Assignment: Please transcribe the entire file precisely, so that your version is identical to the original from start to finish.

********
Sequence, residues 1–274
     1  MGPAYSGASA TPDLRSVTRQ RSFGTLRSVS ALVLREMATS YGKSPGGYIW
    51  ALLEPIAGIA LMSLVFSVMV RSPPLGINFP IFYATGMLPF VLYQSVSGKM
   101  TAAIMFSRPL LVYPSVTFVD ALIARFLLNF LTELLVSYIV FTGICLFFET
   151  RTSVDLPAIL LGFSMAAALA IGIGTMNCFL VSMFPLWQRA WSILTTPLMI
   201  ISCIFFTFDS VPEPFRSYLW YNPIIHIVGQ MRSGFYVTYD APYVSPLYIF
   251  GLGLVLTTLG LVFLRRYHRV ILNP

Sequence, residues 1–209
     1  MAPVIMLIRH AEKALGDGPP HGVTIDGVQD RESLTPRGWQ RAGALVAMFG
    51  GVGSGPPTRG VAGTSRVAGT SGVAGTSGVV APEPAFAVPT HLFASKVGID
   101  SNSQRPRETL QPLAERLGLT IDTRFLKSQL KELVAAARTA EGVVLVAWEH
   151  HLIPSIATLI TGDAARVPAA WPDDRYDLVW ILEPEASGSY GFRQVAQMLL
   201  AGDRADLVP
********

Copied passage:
Sequence, residues 1–274
     1  MGPAYSGASA TPDLRSVTRQ RSFGTLRSVS ALVLREMATS YGKSPGGYIW
    51  ALLEPIAGIA LMSLVFSVMV RSPPLGINFP IFYATGMLPF VLYQSVSGKM
   101  TAAIMFSRPL LVYPSVTFVD ALIARFLLNF LTELLVSYIV FTGICLFFET
   151  RTSVDLPAIL LGFSMAAALA IGIGTMNCFL VSMFPLWQRA WSILTTPLMI
   201  ISCIFFTFDS VPEPFRSYLW YNPIIHIVGQ MRSGFYVTYD APYVSPLYIF
   251  GLGLVLTTLG LVFLRRYHRV ILNP

Sequence, residues 1–209
     1  MAPVIMLIRH AEKALGDGPP HGVTIDGVQD RESLTPRGWQ RAGALVAMFG
    51  GVGSGPPTRG VAGTSRVAGT SGVAGTSGVV APEPAFAVPT HLFASKVGID
   101  SNSQRPRETL QPLAERLGLT IDTRFLKSQL KELVAAARTA EGVVLVAWEH
   151  HLIPSIATLI TGDAARVPAA WPDDRYDLVW ILEPEASGSY GFRQVAQMLL
   201  AGDRADLVP